1. Rubble Masonry

This is the stone masonry type where stones employed are either undressed or roughly dressed. These masonry constructions do not have a uniform thickness. The strength of the rubble masonry is dependent on the:

  • Quality of Mortar Used
  • Use of Long through stones
  • Proper filling of mortar between the stone spaces and joints

Rubble masonry can be again classified into

a. Coursed Rubble Masonry

b. Uncoursed Rubble Masonry

c. Dry Rubble Masonry

d. Polygonal Masonry

e. Flint Masonry

a. Coursed Rubble Masonry

In coursed rubble masonry construction, the stones in a particular course are in equal heights. The stones hence used possess different sizes. In this type, all the courses do not have same height. This type is commonly employed in the construction of public buildings, abutments, residential buildings and piers of ordinary bridges.

Coursed Rubble Masonry
Fig.1. Coursed Rubble Masonry

b. Uncoursed Rubble Masonry

An uncoursed rubble masonry is the cheapest and roughest form of stone masonry construction. These construction use stones of varied shape and size. The stones are directly taken from the quarry called as undressed stone blocks. The courses is not maintained regulary in this method of construction. Initially larger stones are laid first. The spaces between them are filled with spalls or sneeks. This is divided into two types:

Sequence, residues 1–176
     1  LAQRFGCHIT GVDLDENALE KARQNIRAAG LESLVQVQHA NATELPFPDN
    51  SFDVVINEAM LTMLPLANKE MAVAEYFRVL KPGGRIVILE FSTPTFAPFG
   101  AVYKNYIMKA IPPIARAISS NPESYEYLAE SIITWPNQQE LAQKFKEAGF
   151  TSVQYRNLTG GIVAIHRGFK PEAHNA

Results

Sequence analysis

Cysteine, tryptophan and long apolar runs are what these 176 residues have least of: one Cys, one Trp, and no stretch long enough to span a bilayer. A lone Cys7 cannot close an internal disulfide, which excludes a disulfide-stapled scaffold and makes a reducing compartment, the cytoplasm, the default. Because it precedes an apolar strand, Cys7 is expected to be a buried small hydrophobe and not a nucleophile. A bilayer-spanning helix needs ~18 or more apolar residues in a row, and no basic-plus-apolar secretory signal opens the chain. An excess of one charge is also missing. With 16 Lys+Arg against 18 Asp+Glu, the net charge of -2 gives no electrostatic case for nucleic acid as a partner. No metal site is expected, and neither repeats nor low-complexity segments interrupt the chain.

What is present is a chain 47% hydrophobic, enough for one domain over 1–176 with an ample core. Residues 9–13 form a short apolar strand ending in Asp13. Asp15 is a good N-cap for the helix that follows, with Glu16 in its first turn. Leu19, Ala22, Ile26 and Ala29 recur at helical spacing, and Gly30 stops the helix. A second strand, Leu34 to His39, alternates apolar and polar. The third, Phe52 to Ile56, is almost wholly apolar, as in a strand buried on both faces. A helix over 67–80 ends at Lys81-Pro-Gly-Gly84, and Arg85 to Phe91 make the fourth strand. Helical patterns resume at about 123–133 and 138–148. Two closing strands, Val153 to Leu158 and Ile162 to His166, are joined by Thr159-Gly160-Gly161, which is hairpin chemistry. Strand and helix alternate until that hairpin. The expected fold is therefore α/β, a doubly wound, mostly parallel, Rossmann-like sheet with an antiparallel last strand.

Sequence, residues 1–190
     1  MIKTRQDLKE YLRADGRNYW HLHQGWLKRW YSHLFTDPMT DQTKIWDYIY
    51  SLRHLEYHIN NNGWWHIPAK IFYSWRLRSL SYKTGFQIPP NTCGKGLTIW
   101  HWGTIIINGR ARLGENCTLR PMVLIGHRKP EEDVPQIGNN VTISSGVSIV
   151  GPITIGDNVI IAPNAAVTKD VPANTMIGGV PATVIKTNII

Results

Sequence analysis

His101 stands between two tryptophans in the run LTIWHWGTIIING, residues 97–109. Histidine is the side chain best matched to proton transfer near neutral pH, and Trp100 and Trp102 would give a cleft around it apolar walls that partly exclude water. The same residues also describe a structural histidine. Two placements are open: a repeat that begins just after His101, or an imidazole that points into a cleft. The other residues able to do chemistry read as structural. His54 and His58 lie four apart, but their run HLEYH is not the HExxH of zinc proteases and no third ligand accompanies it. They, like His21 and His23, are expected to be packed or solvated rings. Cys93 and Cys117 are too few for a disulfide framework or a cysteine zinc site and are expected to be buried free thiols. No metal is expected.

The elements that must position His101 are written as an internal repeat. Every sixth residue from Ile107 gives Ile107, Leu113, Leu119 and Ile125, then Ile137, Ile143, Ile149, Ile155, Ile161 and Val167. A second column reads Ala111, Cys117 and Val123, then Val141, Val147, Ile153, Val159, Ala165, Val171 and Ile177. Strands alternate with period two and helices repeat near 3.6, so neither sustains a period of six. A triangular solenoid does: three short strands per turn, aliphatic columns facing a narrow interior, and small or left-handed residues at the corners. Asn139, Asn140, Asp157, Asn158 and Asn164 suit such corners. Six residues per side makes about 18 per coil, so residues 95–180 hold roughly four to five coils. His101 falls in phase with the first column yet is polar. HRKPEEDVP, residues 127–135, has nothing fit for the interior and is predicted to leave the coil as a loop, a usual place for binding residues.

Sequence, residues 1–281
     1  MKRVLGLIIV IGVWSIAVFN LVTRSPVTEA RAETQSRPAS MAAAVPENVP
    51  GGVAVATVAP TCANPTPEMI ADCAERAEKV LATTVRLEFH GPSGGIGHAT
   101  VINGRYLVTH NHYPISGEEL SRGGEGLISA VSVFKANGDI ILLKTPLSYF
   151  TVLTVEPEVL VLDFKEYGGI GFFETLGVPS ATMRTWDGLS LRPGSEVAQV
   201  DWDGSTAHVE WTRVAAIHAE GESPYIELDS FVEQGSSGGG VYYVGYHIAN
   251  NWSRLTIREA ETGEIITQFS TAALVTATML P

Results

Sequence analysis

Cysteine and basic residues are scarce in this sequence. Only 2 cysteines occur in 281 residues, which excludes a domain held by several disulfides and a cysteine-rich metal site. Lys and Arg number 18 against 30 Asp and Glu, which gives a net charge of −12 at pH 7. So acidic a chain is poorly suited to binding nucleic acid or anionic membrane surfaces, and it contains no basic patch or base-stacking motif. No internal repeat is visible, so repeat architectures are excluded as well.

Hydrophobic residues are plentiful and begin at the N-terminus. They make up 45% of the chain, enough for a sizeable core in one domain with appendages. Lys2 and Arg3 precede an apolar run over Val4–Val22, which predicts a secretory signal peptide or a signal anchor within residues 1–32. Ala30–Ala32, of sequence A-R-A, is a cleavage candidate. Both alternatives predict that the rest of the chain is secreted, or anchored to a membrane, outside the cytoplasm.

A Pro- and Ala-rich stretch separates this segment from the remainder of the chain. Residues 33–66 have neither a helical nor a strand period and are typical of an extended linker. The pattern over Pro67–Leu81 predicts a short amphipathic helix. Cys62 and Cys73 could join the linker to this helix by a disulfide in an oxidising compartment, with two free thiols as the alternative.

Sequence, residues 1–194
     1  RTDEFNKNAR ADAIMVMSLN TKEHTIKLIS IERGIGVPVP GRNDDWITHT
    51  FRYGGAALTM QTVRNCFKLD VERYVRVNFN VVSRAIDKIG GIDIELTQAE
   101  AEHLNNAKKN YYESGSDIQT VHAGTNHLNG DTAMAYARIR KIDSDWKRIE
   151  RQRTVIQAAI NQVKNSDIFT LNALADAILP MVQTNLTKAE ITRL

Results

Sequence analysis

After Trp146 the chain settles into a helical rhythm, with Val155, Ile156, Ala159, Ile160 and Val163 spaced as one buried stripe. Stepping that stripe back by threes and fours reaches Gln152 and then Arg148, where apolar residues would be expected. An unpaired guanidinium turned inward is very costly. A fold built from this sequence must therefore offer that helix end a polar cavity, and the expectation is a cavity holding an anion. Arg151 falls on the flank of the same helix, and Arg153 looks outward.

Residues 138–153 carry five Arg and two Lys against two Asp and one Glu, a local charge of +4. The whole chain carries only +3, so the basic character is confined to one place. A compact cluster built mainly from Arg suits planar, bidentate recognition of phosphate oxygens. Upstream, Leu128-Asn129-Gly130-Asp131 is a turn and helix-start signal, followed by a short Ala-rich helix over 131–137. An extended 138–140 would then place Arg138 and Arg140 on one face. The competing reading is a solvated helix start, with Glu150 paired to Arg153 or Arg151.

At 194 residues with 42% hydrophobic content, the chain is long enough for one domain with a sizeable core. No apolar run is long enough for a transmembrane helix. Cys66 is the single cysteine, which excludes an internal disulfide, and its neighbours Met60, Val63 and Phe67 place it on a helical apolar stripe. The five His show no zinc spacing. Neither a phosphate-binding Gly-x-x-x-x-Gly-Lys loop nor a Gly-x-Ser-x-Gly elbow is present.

• Random Uncoursed Rubble Masonry
  • Square Uncoursed Rubble Masonry

Random Uncoursed Rubble Masonry: In this type, the weak corners and edges of the stone are removed with the help of a mason’s hammer. At the quoins and jambs, bigger stones are employed in order to increase the strength of the masonry.